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Film

The bizarre time the FBI protected Russell Crowe from Al-Qaeda

It is fair to say that Russell Crowe has lived quite a life. From starring in blockbusters such as Gladiator to cherished classics such as L.A. Confidential, to even owning an Australian rugby team, the Wellington native has done it all over his long and illustrious career, and duly, he has many a tale to tell.

During a 2005 interview with GQ Australia, Crowe recounted one of his most surreal stories to date. He claimed that Osama bin Laden’s Al-Qaeda terrorist organisation wanted to kidnap him as part of a “cultural destabilization plot”. 

He asserted that the threat came in 2001, only a matter of months after he won the Academy Award for Best Actor for his career-defining performance as Maximus Decimus Meridius in Gladiator. Because of the threat, Crowe’s life changed, with him needing extra security on the sets of two of his most lauded subsequent films A Beautiful Mind and Master and Commander: The Far Side of the World.

Ten years after his original revelation, Crowe looked back on that bizarre time and discussed it in an interview with The Guardian. He recalled: “I still really don’t know to this day what the fuck that was all about. All I know is, I arrived in LA, got to my hotel, as I’d done umpteen times before, started unpacking, and there was a knock at the door and a team of FBI guys wanted to sit down and discuss something with me. And then, for nearly two years, they were always around.”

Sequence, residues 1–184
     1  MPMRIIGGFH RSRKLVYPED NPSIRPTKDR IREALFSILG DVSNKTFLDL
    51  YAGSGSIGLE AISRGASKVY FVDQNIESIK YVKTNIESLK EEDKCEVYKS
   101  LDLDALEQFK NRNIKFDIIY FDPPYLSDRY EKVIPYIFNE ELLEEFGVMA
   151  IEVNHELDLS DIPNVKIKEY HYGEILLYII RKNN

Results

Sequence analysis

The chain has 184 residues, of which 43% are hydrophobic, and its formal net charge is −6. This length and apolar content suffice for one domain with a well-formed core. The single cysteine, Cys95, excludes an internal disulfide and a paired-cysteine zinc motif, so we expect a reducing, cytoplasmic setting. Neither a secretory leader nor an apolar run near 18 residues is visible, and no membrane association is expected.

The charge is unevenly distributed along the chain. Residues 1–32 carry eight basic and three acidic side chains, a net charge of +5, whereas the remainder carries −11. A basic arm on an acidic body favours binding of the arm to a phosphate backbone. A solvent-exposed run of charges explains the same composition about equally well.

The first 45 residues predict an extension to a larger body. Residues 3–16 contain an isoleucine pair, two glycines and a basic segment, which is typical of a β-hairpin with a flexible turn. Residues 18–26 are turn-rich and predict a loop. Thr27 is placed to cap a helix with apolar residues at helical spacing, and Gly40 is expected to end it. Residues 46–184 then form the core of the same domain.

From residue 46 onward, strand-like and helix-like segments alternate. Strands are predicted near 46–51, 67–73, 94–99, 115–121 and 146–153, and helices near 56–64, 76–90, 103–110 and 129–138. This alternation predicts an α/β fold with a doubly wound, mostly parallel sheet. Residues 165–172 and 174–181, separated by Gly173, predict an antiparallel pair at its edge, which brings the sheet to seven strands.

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He continued: “I remember going to the Golden Globes and having, like, 16 security guys with me. I don’t even know why. They wouldn’t give me any details. And of course, people were like: ‘Look at him, he thinks he’s fucking Elvis.’ And then one day they just weren’t there anymore”.

Crowe said that the FBI had been told about the threat by a French policewoman in North Africa who had discovered a recording. His claims appear to be truthful. In 2001 the FBI officially confirmed that it was investigating a plot to kidnap the Gladiator star. However, by 2005, the actor said that the FBI believed that the “threat had probably or had possibly been overstated, and then they started to question their sources”.

Unsurprisingly, in more recent times, Crowe has been the master of his own security, at least when it comes to the internet and social media. Asked by The Guardian how he guards himself against discourteous fans, the actor responded in his customary no-nonsense way. “Well, you just block people. Block the motherfuckers.” He declared.

“The thing [Twitter] need[s] to work on is giving you more satisfaction when you block somebody. When you push ‘Block,’ there should be like a nuclear explosion, and that person’s photograph is shattered to a million fucking pieces, so you go: ‘Yeah, see ya mate.’ BOOM.”

“Sooner or later they’ll do that, right,” he added. “And you’ll know where the idea came from.”

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